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Hoffmann, R. A wiki for the life sciences where authorship matters. Nature Genetics (2008)
 
 
 
 
 

Prospective evaluation of topical antibiotics for preventing infections in uncomplicated soft-tissue wounds repaired in the ED.

OBJECTIVE: To determine differences in infection rates among uncomplicated, repaired wounds managed with: topical bacitracin zinc (BAC); neomycin sulfate, bacitracin zinc, and polymyxin B sulfate combination (NEO); silver sulfadiazine (SIL); and petrolatum (PTR). METHODS: This was a prospective, randomized, double-blind, placebo-controlled study conducted at a military community hospital with an emergency medicine residency program. Patients were enrolled if they: presented to the ED within 12 hours of injury and did not have puncture wounds, allergies to the agents used, or a history of immunocompromise; were not receiving antibiotics, chemotherapy, or steroids at the time of presentation; had not taken antibiotics within the preceding seven days; did not have an underlying fracture; and were not pregnant as determined by history. Local anesthetics without epinephrine and high-pressure irrigation with normal saline were used for all patients. Wound scrubbing, débridement, and polyglactin subcutaneous (SQ) suture placement were carried out when necessary. Interrupted simple sutures using a monofilament, nonabsorbable material were used for skin closure. Numbered, randomized vials were given to all patients, with standardized instructions to inspect, clean, and redress their wounds three times a day. The wounds were evaluated for clinical infection at the time of follow-up. RESULTS: Among the groups, there was no difference in patient ages; gender; wound location, type, length, or depth; time elapsed from injury to ED treatment; number of wounds scrubbed or necessitating débridement; number of SQ and cutaneous sutures used; and rate of compliance with returning the used vial of dispensed topical agent. The wound infection rates for the treatment groups were: BAC, six of 109 (5.5%); NEO, five of 110 (4.5%); SIL, 12 of 99 (12.1%); and PTR, 19 of 108 (17.6%) (p = 0.0034). CONCLUSION: The use of topical antibiotics resulted in significantly lower infection rates than did the use of a petrolatum control. BAC and NEO had the lowest wound infection rates.[1]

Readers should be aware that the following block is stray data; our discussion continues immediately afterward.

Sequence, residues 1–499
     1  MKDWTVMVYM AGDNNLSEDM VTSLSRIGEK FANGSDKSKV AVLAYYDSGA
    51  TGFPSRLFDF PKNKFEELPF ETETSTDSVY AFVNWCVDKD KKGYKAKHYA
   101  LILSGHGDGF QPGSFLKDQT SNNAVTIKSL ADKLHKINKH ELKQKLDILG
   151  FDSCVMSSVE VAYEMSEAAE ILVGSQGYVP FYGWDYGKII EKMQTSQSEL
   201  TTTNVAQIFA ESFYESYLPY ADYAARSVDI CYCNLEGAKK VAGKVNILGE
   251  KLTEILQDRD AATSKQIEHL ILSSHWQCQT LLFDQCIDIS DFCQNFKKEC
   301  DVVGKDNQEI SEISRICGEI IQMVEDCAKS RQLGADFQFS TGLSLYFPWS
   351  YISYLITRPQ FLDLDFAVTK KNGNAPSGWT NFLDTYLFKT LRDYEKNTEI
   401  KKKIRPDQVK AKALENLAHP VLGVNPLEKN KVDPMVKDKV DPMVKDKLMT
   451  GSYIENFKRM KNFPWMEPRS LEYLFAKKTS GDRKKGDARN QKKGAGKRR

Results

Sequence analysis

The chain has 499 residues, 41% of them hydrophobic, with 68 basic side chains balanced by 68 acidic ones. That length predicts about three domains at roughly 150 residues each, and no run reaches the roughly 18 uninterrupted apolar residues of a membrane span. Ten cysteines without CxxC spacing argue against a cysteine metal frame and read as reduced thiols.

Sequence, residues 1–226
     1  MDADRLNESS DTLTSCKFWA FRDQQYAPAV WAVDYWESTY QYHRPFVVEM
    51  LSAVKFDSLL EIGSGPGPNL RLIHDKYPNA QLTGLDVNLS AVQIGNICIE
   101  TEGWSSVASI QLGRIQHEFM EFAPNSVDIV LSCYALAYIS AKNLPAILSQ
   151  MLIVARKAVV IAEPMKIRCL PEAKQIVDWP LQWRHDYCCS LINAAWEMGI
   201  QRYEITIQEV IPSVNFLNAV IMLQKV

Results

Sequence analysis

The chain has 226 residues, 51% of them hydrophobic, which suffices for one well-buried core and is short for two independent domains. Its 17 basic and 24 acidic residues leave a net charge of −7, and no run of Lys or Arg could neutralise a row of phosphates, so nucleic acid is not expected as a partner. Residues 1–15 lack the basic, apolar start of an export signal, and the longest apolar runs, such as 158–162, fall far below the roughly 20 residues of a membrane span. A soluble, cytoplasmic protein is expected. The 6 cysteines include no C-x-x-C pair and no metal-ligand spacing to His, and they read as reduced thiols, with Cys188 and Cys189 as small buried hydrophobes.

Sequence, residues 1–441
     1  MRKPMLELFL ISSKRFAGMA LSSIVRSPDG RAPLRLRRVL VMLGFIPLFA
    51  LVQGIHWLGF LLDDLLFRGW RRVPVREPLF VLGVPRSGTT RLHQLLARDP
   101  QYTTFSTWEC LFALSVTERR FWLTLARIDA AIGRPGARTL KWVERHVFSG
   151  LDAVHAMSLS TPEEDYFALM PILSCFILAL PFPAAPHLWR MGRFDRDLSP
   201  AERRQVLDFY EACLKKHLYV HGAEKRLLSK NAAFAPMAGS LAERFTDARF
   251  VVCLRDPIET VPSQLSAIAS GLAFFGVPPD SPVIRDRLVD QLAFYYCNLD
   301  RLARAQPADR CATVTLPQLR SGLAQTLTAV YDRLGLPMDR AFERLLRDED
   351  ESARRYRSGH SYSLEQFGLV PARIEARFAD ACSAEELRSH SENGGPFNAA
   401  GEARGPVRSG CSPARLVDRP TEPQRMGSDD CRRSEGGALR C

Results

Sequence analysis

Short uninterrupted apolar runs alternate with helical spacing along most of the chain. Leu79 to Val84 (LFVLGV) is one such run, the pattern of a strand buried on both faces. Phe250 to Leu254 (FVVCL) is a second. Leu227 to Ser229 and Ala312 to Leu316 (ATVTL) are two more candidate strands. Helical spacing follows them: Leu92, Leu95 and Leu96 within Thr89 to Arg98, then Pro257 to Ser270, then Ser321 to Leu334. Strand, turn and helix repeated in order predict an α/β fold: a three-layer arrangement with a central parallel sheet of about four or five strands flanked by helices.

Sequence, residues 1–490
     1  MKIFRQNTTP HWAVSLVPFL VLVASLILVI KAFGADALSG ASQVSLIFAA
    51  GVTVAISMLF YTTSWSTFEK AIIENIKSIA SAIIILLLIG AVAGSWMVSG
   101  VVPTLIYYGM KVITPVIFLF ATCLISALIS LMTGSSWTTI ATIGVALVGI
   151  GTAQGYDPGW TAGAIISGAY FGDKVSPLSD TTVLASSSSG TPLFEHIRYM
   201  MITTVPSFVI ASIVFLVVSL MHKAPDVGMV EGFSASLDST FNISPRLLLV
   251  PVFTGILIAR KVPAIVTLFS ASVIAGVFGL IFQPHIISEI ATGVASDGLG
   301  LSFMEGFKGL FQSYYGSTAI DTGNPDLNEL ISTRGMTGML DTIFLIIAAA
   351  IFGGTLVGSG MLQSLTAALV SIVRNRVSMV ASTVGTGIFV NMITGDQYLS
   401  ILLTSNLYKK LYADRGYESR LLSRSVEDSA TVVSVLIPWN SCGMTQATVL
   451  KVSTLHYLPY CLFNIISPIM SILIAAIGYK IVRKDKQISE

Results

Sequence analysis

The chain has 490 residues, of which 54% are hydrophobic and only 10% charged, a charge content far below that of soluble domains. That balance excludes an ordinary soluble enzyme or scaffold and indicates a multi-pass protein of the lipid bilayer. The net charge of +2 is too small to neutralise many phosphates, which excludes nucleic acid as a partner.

References

  1. Prospective evaluation of topical antibiotics for preventing infections in uncomplicated soft-tissue wounds repaired in the ED. Dire, D.J., Coppola, M., Dwyer, D.A., Lorette, J.J., Karr, J.L. Academic emergency medicine : official journal of the Society for Academic Emergency Medicine. (1995) [Pubmed]
 
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